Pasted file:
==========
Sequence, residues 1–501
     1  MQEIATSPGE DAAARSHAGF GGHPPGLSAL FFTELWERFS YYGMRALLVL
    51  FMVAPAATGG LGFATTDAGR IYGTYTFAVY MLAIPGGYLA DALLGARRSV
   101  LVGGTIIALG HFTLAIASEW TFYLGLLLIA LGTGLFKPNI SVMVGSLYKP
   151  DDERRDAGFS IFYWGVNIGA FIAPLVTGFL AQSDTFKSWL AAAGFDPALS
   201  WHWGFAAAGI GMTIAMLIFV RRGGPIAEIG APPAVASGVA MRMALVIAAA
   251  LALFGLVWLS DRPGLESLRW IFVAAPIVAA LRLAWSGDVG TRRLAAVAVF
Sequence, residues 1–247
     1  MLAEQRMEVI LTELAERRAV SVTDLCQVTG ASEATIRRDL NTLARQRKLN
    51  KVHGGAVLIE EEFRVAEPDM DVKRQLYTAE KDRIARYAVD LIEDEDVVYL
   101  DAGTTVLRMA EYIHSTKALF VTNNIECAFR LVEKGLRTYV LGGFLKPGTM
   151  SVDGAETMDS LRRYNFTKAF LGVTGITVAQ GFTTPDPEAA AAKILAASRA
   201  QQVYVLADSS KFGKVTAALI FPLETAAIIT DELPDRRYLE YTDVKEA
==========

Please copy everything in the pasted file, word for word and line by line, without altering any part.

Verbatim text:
Sequence, residues 1–501
     1  MQEIATSPGE DAAARSHAGF GGHPPGLSAL FFTELWERFS YYGMRALLVL
    51  FMVAPAATGG LGFATTDAGR IYGTYTFAVY MLAIPGGYLA DALLGARRSV
   101  LVGGTIIALG HFTLAIASEW TFYLGLLLIA LGTGLFKPNI SVMVGSLYKP
   151  DDERRDAGFS IFYWGVNIGA FIAPLVTGFL AQSDTFKSWL AAAGFDPALS
   201  WHWGFAAAGI GMTIAMLIFV RRGGPIAEIG APPAVASGVA MRMALVIAAA
   251  LALFGLVWLS DRPGLESLRW IFVAAPIVAA LRLAWSGDVG TRRLAAVAVF
Sequence, residues 1–247
     1  MLAEQRMEVI LTELAERRAV SVTDLCQVTG ASEATIRRDL NTLARQRKLN
    51  KVHGGAVLIE EEFRVAEPDM DVKRQLYTAE KDRIARYAVD LIEDEDVVYL
   101  DAGTTVLRMA EYIHSTKALF VTNNIECAFR LVEKGLRTYV LGGFLKPGTM
   151  SVDGAETMDS LRRYNFTKAF LGVTGITVAQ GFTTPDPEAA AAKILAASRA
   201  QQVYVLADSS KFGKVTAALI FPLETAAIIT DELPDRRYLE YTDVKEA